From: Lawrence DeBivort (email@example.com)
Date: Sun 15 Dec 2002 - 05:10:22 GMT
I wish there was a clearer answer to this question...
An easy way to respond, I suppose, would be to mutter something about the
'inevitable' rise and fall of empires. Different people is the world find at different times something that works, something that provides them with special capabilities, for a while. Why did a renaissance start in northern Italy? Where do people like Francis Bacon and ibn Khaldun and Benjamin Franklin 'come from'? Is it luck? Is it that difficulty in a society gives rise to genius? If so, why didn't the Cathars fare better?
Many writers have tried to answer this question: e.g. Bernard Lewis, WHAT
WENT WRONG, 2002. Karen Armstrong, THE BATTLE FOR GOD, 2000. John Esposito,
THE ISLAMIC THREAT; Myth or Reality, 1999. Fouad Ajami, THE DREAM PALACE OF
THE ARABS, 1998. Benjamin Barber, JIHAD VS. MCWORLD, 1995 These are all
thoughtful books by knowledgeable experts, and present quite different
understandings. There is a plethora of good books on the Ottoman Empire and
its 'fall,' which I mention here because the fall of Islam preeminence can
be followed through the fortunes of the Ottoman Empire. But even here the
answers are elusive, for the Ottoman Empire had a shaky relationship to
Islam and the Arabs. There were times when the Ottoman Government viewed
itself as secular, at times European, and during many times, including at
the end, at war with Islamic and Arab entities.
I am left with this deep question: is Islamic fundamentalism (and in
particular its aggressive sub-forms) a cause of the incapacity that we find
within the Muslim and Arab world? Or is it a consequence, an effort by some
Muslims and Arabs to find a solution to the growing incapacity, in the same
way that secularism and 'modernism' and mysticism may be other efforts to do
the same thing?
We see in Judaism and Christianity similar strainings: these too have their
fundamentalists, and their extremists, their haters and their bigots.
Armstrong is persuasive is suggesting that members of all three religions
are experiencing similar tensions and fears. And all three have today their
visionaries, people who realize that a new kind of world is struggling to
emerge; all have their people of good-will, who have the energy and courage
to ask themselves the difficult questions and to probe equally difficult
So what 'happened' to the Muslim world? Are the Durants, and Gibbon, right?
Empires rise and fall, and it has nothing to do with Islam, per se?
I wish I could understand things well enough to know the answer.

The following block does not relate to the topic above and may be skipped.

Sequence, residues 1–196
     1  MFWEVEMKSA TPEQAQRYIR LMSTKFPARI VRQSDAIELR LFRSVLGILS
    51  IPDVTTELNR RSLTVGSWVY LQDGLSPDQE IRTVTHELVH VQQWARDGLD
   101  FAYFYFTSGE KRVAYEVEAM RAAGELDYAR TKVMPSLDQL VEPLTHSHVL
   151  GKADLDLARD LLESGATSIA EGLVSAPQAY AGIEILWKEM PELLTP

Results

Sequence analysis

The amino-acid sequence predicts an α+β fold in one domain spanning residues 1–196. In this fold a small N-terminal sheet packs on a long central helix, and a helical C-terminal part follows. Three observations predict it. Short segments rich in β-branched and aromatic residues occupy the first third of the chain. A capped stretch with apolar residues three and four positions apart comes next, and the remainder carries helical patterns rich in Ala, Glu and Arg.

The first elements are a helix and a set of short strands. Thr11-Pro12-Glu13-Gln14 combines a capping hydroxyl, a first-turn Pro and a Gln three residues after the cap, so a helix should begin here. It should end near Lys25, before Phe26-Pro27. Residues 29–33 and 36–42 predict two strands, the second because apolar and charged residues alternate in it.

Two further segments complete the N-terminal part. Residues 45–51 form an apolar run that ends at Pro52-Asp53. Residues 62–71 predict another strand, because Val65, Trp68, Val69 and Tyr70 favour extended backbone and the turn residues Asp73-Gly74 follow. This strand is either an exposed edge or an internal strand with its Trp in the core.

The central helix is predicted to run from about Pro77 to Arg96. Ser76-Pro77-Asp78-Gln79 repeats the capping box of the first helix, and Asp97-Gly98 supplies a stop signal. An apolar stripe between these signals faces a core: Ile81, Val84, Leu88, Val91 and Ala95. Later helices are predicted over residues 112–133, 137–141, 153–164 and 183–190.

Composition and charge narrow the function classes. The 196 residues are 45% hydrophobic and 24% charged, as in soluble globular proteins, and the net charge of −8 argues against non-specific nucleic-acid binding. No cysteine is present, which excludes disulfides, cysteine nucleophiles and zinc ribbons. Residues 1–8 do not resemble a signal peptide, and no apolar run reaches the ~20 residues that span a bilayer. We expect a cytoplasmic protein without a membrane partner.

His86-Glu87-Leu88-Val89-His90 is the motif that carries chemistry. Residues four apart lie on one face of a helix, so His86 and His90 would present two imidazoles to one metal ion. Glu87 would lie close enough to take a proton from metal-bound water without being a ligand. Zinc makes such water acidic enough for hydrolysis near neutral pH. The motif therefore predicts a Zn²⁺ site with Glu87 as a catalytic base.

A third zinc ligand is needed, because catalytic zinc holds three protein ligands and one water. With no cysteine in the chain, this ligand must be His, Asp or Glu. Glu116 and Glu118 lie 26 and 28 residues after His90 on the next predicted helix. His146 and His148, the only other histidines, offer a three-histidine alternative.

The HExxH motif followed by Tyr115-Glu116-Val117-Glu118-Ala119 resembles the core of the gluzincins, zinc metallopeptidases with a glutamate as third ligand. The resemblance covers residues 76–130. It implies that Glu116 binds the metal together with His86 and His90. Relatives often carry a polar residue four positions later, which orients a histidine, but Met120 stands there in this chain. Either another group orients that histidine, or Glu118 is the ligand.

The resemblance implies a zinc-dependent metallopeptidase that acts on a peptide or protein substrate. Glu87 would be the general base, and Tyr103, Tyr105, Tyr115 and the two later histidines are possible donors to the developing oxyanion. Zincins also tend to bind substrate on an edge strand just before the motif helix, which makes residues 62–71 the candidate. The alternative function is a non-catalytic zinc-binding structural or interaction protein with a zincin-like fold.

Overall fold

Grant, you are a student of China. What is your sense of the comparable
question, posed of China?
Scott, Steve, Jeremy?
> -----Original Message-----
> From: firstname.lastname@example.org [mailto:email@example.com]On Behalf
> Of Grant Callaghan
> Sent: Saturday, December 14, 2002 11:20 PM
> To: firstname.lastname@example.org
> Subject: RE: Examples of the Radical Islamicist Memeplex
> What's the answer to the second half of steve's question?
> >Date: Sat, 14 Dec 2002 23:10:53 -0500
> >Greetings, Steve,
> >I think the answer is fairly simple: what happened was Israel.
> > > When did the Muslim world change from one which sheltered the Jews in
> > > Middle East, in North Africa and in Spain till the late middle
> > > ages from the
> > > christians, to one where they are the personification of anti
> Muslim and
> > > evil? Assuming the Qu'ran has not changed too much why are jews
> > > 400 years ago and not now? These are questions that need looking at.
> > >
> > > Why did an advanced tolerant society skilled in science, medicine etc
> > > whilst we in the west struggled under the yoke of an ignorant church,
> > > such an advantage?
> > >
> > > Regards
> > >
> > > Steve
> >This was distributed via the memetics list associated with the
> >Journal of Memetics - Evolutionary Models of Information Transmission
> >For information about the journal and the list (e.g. unsubscribing)
> >see: http://www.cpm.mmu.ac.uk/jom-emit
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> This was distributed via the memetics list associated with the
> Journal of Memetics - Evolutionary Models of Information Transmission
> For information about the journal and the list (e.g. unsubscribing)
> see: http://www.cpm.mmu.ac.uk/jom-emit
This was distributed via the memetics list associated with the
Journal of Memetics - Evolutionary Models of Information Transmission
For information about the journal and the list (e.g. unsubscribing)
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